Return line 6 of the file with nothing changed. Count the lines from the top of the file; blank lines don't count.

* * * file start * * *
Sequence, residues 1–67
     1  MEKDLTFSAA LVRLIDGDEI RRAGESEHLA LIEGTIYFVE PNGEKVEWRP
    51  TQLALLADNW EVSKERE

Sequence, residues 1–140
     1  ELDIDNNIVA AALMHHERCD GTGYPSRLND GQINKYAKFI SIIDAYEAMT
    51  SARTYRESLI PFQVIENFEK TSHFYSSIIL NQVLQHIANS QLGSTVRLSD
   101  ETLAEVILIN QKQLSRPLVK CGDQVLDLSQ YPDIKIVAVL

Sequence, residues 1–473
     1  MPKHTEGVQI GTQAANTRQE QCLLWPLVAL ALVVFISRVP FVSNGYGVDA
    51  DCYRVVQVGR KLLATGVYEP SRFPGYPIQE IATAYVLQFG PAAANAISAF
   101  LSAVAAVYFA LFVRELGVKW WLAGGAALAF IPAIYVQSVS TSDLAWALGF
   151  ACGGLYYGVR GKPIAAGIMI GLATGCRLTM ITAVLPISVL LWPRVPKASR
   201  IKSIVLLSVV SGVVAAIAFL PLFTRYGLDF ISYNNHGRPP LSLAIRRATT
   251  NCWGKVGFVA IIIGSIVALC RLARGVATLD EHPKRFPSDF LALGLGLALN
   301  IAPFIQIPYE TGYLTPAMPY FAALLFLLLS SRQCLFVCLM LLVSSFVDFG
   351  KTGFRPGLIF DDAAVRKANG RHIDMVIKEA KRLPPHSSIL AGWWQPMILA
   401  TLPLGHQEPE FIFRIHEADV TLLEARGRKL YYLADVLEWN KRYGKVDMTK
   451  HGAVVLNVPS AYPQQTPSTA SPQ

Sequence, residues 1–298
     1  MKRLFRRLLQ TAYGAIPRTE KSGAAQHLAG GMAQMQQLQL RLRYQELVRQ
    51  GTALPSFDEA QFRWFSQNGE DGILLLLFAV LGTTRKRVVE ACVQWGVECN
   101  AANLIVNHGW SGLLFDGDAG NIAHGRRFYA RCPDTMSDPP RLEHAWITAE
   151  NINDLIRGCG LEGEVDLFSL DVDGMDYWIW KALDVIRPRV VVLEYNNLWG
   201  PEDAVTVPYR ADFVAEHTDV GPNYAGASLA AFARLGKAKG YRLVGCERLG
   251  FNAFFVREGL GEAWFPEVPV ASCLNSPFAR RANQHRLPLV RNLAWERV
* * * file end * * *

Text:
    51  SARTYRESLI PFQVIENFEK TSHFYSSIIL NQVLQHIANS QLGSTVRLSD